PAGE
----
Top Priority 

New Immigration and Customs Enforcement Team targets criminal aliens living in Memphis.

It didn't take immigration officials long to nab fugitive immigrants after setting up a new local office.

On September 25th, the second day of operations for the Memphis-based U.S. Immigration and Customs Enforcement (ICE) Fugitive Operations Team, Romanian citizen Gheorghe Turcas was arrested for failing to comply with a deportation order stemming from a 1996 sex offender conviction.

The local ICE team, which serves Tennessee, Louisiana, Mississippi, Alabama, and Arkansas, was created last month to assist the region's New Orleans-based office in tracking down illegal immigrants who have committed crimes or have failed to comply with deportation orders.

Of the 62,000 illegal aliens apprehended by the effort since the teams began in 2003, more than 17,000 had convictions for serious crimes, such as homicide, robbery, sexual exploitation of children, and other aggravated felonies.

"We prioritize our fugitives and try to get criminal aliens first," says Philip Miller, assistant field office director. "There's a number of reasons a person can be deported from the United States. One is based on their criminal history. Those people are our number-one priority."

Besides setting up the local federal office, ICE has also partnered with the Shelby County Sheriff's Office to start a Criminal Alien Program (CAP), which focuses on singling out inmates who may be in the country illegally.

CAP requires jail intake officers ask each inmate three questions as they're being booked: 1) Where were you born? 2) Of what country are you a citizen? and 3) Do you claim citizenship with another country?

"If they say they're foreign-born, we call ICE and alert them that we have a potential illegal," says Shelby County sheriff Mark Luttrell. "They come down and see if the person is deportable. If so, we hold them until they're moved out."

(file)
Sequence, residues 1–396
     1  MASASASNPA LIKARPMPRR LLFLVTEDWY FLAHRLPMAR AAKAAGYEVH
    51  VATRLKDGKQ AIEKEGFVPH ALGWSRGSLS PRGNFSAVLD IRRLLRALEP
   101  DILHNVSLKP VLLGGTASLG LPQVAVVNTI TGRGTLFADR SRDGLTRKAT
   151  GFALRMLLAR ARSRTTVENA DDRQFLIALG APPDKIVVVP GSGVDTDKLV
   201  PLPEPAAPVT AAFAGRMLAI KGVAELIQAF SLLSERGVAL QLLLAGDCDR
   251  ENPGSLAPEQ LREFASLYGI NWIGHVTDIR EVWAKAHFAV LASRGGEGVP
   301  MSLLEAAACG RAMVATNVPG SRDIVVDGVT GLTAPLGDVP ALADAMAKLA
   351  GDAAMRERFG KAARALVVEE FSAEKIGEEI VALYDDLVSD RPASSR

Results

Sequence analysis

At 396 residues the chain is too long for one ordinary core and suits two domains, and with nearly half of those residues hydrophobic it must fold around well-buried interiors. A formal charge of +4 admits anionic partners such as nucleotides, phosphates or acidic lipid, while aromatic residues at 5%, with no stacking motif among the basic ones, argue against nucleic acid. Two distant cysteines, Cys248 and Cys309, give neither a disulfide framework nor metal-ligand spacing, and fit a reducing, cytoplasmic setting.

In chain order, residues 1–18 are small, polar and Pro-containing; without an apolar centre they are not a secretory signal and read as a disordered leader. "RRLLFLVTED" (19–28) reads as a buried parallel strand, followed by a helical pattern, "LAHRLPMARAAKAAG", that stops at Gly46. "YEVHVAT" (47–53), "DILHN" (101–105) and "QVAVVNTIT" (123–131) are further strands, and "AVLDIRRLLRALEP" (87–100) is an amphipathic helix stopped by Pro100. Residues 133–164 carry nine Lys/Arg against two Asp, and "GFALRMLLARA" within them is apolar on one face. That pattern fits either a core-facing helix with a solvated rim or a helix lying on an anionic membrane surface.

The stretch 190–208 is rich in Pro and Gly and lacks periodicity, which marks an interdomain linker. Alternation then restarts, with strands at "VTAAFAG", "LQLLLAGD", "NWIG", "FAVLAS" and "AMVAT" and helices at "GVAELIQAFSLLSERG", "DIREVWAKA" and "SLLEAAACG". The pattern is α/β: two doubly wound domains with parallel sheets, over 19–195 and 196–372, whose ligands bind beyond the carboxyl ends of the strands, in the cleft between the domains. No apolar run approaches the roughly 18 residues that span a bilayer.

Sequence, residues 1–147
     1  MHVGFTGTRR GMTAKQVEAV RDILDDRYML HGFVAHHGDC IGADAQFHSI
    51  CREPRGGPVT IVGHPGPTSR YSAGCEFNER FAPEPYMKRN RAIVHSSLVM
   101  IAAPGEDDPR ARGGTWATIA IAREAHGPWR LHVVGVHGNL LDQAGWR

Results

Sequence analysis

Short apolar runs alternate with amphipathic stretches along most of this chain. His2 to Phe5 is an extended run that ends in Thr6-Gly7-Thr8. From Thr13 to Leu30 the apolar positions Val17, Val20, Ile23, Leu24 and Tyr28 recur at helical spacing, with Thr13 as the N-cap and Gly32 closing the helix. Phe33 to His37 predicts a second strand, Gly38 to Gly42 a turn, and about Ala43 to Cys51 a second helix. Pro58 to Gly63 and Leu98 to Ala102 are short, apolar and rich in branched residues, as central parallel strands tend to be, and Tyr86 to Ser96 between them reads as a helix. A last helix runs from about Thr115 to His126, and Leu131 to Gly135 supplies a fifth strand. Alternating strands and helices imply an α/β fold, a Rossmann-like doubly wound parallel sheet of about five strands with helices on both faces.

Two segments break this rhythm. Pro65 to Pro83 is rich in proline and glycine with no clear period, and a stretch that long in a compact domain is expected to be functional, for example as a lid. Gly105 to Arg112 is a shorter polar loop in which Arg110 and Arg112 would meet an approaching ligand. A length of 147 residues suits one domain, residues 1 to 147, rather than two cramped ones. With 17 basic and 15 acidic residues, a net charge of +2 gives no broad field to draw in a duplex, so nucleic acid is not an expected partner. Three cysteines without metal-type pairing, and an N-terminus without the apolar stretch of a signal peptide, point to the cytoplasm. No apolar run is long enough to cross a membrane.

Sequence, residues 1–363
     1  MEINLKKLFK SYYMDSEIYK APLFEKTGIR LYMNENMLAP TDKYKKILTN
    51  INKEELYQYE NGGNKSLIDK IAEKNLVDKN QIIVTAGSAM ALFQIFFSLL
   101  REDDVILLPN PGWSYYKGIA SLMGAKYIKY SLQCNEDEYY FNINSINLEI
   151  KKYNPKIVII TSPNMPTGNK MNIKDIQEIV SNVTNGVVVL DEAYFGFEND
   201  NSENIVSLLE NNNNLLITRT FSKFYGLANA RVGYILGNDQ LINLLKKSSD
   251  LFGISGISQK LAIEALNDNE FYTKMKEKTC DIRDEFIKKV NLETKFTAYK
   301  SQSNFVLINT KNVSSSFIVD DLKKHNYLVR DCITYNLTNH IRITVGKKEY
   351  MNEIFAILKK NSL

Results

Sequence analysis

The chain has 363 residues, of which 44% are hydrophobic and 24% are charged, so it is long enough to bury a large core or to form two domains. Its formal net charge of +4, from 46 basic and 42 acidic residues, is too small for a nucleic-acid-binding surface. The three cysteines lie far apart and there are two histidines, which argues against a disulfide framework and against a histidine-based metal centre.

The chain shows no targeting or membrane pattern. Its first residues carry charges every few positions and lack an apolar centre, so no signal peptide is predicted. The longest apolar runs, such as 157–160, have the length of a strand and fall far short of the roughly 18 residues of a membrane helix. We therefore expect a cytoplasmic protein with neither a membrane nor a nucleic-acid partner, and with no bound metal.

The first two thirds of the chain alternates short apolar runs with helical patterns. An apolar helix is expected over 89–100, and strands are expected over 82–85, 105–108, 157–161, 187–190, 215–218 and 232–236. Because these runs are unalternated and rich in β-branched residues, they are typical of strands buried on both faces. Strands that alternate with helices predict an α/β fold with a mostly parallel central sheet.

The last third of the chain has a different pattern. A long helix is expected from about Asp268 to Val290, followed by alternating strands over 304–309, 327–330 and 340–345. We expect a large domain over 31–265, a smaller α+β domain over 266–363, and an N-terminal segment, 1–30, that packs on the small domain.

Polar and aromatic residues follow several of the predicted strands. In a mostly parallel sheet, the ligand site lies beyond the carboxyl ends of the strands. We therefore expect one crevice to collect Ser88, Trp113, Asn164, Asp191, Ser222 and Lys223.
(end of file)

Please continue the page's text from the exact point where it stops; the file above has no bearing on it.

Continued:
Luttrell says criminal aliens aren't a huge problem in Shelby County. Only 4 percent of the current jail population is foreign-born, and about half of those people are illegal immigrants. By comparison, 10 percent of the jail population in Nashville's Davidson County are foreign-born.

Pablo Davis, executive director of Latino Memphis, hopes the regional effort will focus only on fugitives who commit serious crimes.

"We are very concerned that ICE's work to apprehend immigrant fugitives truly be targeted, rather than a net that ends up catching people who are living orderly lives, working, paying taxes, and so forth, but who happen to be undocumented and driving to work ... without a driver's license," Davis says. "[We don't want those people] to suddenly find themselves on a fast train to deportation."

Davis says surveys of Latinos living in Nashville, where a similar criminal alien program already has been implemented, indicate less confidence in local police. Though an immigrant may not be committing a crime, stricter measures targeting undocumented workers cause some to fear calling the police even when they need help.

"We hear frequently from immigrants in Memphis who are less willing to report crimes or otherwise seek police assistance due to their perceptions of the overall climate," Davis says.

The Fugitive Operations Team focuses solely on immigrants who are fugitives from the law, and Luttrell says the CAP program will only target illegal immigrants who commit crimes.

"We're not going to start driving around looking for illegals," Luttrell says. "But if they commit crimes, we're set up to handle that."

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